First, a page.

The vaccines finally seem to be rolling out at a hopeful pace. For many of us, herd immunity has been the light at the end of this year-plus-long tunnel. The problem now is that some people — a.k.a. a large swath of Republicans — won’t get vaccinated, and their lack of buy-in could really put a dimmer switch on the prospect of timely herd immunity. Here’s what you need to know about the conservatives cock blocking our mask-free future.
First of all, there’s no exact way to figure out how many Republicans will or won’t get the vaccine, but according to a poll conducted by the Kaiser Family Foundation (KFF), almost 30% of GOP voters said, in January, that they would not get vaccinated. That number dropped to 21% in February in the KFF polls. That’s a significant change, but unfortunately, not all the polls look that optimistic.
According to a poll taken by Axios/IPSOS in January and February, only 51% of Republicans said they would get the vaccine once it became available to them. A Gallup poll released at the beginning of February had similar results. So, while these statistics vary, we can estimate that 20% and 50% of Republicans aren’t planning to get vaccinated.
You might be wondering why conservatives are waffling about the vaxx, since even their bumbling overlord got vaccinated before he left office and publicly told people to, “get their shot.” The explanation is complex. Some people won’t get the shot for religious reasons. Some conservatives still think COVID-19 is a hoax, some think the vaccine is dangerous, some don’t trust the government, and some of them just think it’s no worse than the flu, according to the Washington Post.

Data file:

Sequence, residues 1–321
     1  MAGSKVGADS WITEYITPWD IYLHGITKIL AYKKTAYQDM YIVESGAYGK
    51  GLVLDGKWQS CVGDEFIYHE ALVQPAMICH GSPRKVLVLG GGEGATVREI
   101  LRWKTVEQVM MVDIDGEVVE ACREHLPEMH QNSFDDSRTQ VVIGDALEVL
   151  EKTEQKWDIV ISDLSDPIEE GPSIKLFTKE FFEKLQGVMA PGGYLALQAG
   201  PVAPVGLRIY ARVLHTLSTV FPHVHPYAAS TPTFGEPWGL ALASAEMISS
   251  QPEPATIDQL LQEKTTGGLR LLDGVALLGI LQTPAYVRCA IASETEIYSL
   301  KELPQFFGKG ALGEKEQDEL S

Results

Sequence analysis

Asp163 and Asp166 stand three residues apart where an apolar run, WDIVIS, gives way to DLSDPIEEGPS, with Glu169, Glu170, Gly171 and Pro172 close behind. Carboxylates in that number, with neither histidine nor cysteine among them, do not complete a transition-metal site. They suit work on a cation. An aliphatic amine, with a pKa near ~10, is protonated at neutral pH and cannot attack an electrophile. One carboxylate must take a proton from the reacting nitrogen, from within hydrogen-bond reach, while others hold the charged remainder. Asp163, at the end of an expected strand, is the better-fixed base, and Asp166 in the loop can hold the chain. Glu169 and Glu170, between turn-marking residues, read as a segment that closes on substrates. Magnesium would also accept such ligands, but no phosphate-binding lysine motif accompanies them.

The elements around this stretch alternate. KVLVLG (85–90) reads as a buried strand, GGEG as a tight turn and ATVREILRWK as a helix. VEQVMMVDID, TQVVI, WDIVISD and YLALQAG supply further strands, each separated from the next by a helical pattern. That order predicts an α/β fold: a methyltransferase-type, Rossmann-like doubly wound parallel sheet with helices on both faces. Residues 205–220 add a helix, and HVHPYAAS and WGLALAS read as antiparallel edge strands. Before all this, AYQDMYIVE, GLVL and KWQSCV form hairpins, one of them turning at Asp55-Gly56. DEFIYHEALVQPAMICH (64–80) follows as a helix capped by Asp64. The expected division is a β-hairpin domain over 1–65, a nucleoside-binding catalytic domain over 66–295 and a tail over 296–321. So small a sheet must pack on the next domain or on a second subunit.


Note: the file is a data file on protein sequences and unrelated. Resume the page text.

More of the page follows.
This logic is questionable. Not only does the flu kill hundreds of thousands of people a year, many experts think comparing COVID-19 and influenza is like comparing bananas to jackfruits. The real problem with this flawed logic is that, in this case, if a significant number of people opt out, it affects all of us. Herd immunity is only possible if 70% of us either get vaccinated or contract and recover from COVID-19.
Some folks aren’t really looking at the big picture, though. “If the coronavirus is supposed to kill you, it’s going to kill you even if you hide under a rock and wear a mask,” Gary, a two-time Trump voter in West Virginia who won’t get the vaxx, told the Post. Look, it’s easy to hate on Gary and people like him who hold these uniquely dangerous beliefs, but not only do we need them to get vaccinated — and to vote differently or not at all — shame is not an effective motivator.